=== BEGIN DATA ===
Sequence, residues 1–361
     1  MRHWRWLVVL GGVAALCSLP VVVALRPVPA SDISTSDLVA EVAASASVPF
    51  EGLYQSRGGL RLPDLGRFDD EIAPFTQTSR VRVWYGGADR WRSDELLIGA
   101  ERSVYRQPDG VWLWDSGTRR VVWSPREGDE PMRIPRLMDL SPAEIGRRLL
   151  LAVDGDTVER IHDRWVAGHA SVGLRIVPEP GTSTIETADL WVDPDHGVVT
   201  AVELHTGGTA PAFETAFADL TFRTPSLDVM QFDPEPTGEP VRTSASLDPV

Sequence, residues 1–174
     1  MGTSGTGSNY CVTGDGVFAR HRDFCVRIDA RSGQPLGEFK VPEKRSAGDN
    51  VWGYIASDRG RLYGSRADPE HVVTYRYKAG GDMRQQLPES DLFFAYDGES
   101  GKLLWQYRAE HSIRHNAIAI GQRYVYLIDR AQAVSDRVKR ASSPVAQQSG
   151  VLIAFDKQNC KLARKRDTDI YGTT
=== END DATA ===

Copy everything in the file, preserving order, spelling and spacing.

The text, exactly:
Sequence, residues 1–361
     1  MRHWRWLVVL GGVAALCSLP VVVALRPVPA SDISTSDLVA EVAASASVPF
    51  EGLYQSRGGL RLPDLGRFDD EIAPFTQTSR VRVWYGGADR WRSDELLIGA
   101  ERSVYRQPDG VWLWDSGTRR VVWSPREGDE PMRIPRLMDL SPAEIGRRLL
   151  LAVDGDTVER IHDRWVAGHA SVGLRIVPEP GTSTIETADL WVDPDHGVVT
   201  AVELHTGGTA PAFETAFADL TFRTPSLDVM QFDPEPTGEP VRTSASLDPV

Sequence, residues 1–174
     1  MGTSGTGSNY CVTGDGVFAR HRDFCVRIDA RSGQPLGEFK VPEKRSAGDN
    51  VWGYIASDRG RLYGSRADPE HVVTYRYKAG GDMRQQLPES DLFFAYDGES
   101  GKLLWQYRAE HSIRHNAIAI GQRYVYLIDR AQAVSDRVKR ASSPVAQQSG
   151  VLIAFDKQNC KLARKRDTDI YGTT